Spanish religious pilgrimage finds home in South Carolina

Rosie Carbo's picture

When Miguel Coves and Dorothea Darden bought a farm in 2008 in Aiken, South Carolina, their goal was to breed pura raza espanola horses.  That’s how horses of “pure Spanish blood” would be available economically to Americans without the need to travel abroad.


The couple owned a breeding and sales business in the small town of Elche before they decided to relocate Coves Darden PRE to Aiken. Dorothea, a native of Lexington, S.C. met her husband Miguel in his native Alicante, Spain.


Now, five years after importing and breeding Spanish horses, Coves and his wife are providing the first American venue for a Romeria a la Virgen del Rocio on their 300-acre farm. The first Romeria, complete with its own hermitage, begins Friday, May 17 and ends Monday, May 20.


The farm boasts bucolic, horse-grazing pastures, lush pine forests, and myriad sycamores. The setting seemed ideal for the construction of a chapel or “ermita” to house an effigy of the “Virgin of El Rocio,” for whom the famous pilgrimage is named.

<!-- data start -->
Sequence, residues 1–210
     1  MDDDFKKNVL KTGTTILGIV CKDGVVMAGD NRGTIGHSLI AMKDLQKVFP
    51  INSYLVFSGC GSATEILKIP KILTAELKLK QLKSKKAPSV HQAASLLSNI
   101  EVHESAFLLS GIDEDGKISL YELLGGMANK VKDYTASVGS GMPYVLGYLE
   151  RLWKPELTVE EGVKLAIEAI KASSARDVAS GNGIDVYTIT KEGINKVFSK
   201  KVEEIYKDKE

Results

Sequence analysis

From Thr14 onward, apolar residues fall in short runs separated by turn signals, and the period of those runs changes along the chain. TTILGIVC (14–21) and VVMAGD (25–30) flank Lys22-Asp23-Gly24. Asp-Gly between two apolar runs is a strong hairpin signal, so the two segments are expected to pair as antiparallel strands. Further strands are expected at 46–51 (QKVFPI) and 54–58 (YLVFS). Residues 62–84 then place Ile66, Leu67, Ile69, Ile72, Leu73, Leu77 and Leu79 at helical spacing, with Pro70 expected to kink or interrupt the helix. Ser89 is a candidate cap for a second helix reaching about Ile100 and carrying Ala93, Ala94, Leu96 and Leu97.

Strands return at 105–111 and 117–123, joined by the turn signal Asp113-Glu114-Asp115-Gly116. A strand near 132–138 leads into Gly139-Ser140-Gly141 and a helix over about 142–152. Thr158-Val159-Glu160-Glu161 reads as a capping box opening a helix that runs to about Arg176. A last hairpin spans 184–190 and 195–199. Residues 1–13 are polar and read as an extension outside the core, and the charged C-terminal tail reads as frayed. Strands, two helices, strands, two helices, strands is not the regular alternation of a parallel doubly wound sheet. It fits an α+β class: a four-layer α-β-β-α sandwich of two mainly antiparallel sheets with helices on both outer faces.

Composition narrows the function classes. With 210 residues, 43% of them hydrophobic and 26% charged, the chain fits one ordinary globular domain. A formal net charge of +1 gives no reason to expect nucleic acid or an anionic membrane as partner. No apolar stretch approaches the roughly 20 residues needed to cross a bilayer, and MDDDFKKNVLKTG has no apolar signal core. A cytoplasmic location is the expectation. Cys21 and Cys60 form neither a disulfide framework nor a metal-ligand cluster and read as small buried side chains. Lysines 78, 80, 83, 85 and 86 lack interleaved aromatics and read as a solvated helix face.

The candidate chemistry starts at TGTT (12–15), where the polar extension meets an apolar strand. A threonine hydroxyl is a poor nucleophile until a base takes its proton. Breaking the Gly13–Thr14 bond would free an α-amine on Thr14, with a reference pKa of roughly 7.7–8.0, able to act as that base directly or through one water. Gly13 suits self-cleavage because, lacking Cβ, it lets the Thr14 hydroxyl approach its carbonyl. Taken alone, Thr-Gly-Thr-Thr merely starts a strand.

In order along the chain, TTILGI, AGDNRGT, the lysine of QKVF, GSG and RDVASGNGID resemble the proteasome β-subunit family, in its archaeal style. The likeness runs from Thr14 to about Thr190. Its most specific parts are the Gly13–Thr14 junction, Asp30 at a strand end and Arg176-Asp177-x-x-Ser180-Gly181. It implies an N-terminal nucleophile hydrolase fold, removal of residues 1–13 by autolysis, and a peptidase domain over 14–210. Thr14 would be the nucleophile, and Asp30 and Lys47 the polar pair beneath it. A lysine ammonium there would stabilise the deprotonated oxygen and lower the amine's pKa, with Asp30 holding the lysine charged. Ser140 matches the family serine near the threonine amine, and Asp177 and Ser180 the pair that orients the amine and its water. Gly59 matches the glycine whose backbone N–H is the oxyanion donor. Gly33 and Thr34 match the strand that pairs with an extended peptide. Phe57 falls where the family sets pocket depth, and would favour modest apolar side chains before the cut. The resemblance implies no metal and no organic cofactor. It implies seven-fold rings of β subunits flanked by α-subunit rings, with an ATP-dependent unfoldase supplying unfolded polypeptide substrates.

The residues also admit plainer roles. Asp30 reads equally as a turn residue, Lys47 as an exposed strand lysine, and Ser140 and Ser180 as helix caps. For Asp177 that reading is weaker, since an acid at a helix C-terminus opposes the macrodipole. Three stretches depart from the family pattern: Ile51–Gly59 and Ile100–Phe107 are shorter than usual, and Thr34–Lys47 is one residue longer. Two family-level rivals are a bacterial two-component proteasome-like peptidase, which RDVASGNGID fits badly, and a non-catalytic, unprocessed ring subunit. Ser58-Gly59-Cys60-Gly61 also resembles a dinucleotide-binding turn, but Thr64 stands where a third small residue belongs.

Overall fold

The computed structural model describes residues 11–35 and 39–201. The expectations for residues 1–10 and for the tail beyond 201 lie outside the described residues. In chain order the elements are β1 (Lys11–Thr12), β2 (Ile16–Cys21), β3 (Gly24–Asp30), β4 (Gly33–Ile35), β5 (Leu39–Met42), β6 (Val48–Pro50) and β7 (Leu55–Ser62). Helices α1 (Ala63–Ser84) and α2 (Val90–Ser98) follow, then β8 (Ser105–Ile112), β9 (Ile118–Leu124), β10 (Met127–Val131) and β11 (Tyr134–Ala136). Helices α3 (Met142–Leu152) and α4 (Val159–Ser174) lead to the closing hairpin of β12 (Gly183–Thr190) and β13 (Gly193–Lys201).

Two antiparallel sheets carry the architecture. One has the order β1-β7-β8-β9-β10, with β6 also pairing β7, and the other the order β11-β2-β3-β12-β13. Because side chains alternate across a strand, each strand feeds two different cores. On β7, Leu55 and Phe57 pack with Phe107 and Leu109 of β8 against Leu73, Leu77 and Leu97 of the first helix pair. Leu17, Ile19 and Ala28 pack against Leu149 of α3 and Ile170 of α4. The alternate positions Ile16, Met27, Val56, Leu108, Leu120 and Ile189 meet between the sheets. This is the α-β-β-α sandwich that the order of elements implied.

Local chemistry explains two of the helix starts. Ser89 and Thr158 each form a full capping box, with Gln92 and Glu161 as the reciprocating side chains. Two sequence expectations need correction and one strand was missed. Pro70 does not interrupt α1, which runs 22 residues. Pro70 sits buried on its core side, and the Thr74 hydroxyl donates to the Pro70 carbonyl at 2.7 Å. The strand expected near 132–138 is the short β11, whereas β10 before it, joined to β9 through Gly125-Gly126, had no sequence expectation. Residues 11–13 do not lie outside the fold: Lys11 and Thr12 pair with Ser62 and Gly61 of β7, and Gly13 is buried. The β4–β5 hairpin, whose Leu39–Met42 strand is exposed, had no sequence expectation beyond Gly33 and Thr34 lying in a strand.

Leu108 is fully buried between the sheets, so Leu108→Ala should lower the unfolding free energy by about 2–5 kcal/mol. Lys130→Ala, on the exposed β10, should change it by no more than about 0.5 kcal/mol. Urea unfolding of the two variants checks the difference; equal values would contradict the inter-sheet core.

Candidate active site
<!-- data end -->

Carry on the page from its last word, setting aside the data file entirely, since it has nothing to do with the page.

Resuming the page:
The Romeria, which describes the annual journey by pilgrims to hear a Mass and visit the site of the holy virgin, takes place annually in El Rocio, a village outside of the town of Almonte in Andalucia in southern Spain. 


The hosting an American Romeria inspired the founding of the Costa Este Rociera. The Aiken-based religious organization means East Coast Brotherhood in English. It is similar to brotherhoods that participate in Spain’s annual Holy Week observances.  Moreover, CER may be the first of its kind in the United States.


Members of the new South Carolina brotherhood have helped Coves Darden Farm prepare for the anticipated onslaught of devotees from Florida, Georgia, Texas, and other states. In fact, the few hotels in Aiken and nearby Springfield-reserved a year ago-are filled to capacity. Nevertheless, there is still space available for recreational vehicles and campers.


The reason some participants know about Aiken’s Romeria is because they are Spanish citizens who have connected through facebook while residing in the United States. Members of La Casa España social group in Georgia and the Spanish Association of North Florida all talk about the new Romeria via facebook.


“A lot of people don’t know this, but Andalucia is the cradle of Catholicism. So this pilgrimage is a very special time of the year for many Spaniards regardless of where they live,” said Elena Hurst Garcia, a native of Seville who lives in San Antonio, Texas.


Romeria begins each year about 50 days after Holy Week and Seville’s April Fair, Andalucia’s largest outdoor fiesta. South Carolina’s Romeria is also open to the public, in keeping with Spanish hospitality and tradition.